On the contrary, pretend play offers an excellent opportunity for children to combine their skills and knowledge. Let's assume they're taking the role of a grocery merchant. They'll use their math knowledge to count the types of foods. Moreover, they will use their analytical knowledge to index and catalogue the different types of items for sale. If they're old enough, they'll also have to make small calculations to give you the right change for your "groceries" purchase.

 Maybe they will be playing with other peers, so they'll have to assign a role for each "employee" of the grocery store. This is where they'll have to decide who does what, delegate responsibilities.

It is also about Creativity and Physical Development

Let's not forget about creativity. Sometimes, people invent the play scenarios themselves. They imagine situations that are impossible in real life, or they can think up scenarios that are not yet possible for them, like being a medic or a policeman.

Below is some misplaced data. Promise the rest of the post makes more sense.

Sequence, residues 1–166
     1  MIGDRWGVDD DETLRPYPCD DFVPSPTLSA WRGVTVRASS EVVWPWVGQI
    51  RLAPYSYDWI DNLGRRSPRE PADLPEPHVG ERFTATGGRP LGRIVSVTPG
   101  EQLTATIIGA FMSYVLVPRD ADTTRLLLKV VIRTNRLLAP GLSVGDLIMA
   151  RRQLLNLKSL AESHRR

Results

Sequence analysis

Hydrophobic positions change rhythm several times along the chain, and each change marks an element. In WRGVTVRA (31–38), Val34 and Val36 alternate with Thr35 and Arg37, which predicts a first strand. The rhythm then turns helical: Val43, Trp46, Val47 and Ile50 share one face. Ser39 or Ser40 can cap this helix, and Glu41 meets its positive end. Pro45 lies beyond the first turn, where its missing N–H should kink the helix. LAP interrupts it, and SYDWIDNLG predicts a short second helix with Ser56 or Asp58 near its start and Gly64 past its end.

The multitude of fantasy worlds your children can create is also mind-blowing. Do not belittle their creative "fireworks". Encourage them, join them in their play. You can help by borrowing them a few "props" for more engaging make-believe pretend play.

Here are some ideas of objects you might have around the house:

  • All sorts of "grown-ups" writing paper and instruments, like phone books or sticky notes, so they can hold a phone number agenda, leave messages or write "serious" shopping lists
  • Used plane tickets, coins, vacation photos, or all sorts of old cards so they could imagine and play all-manner of grown-up situations
  • Cardboard blocks, empty boxes or plastic crates that can help create a décor 
  • Old magazines, telephones, agendas, old laptops
  • Old backpacks, shoes or clothes that you can use to create new pretend-play costumes together
  • Kids' peel-off nail polish, non-toxic make-up, lip balms or a whole bundle of those